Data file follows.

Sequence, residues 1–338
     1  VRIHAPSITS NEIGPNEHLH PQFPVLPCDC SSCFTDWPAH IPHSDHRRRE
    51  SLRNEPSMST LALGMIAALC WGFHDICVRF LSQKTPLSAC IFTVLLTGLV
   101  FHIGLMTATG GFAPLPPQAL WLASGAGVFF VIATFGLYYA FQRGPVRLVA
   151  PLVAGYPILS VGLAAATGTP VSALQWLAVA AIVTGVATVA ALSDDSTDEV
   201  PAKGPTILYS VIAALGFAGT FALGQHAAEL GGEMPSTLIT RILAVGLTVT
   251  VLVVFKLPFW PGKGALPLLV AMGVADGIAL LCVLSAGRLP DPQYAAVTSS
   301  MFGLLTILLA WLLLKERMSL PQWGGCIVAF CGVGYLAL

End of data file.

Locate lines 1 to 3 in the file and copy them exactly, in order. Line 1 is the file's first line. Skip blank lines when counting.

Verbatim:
Sequence, residues 1–338
     1  VRIHAPSITS NEIGPNEHLH PQFPVLPCDC SSCFTDWPAH IPHSDHRRRE
    51  SLRNEPSMST LALGMIAALC WGFHDICVRF LSQKTPLSAC IFTVLLTGLV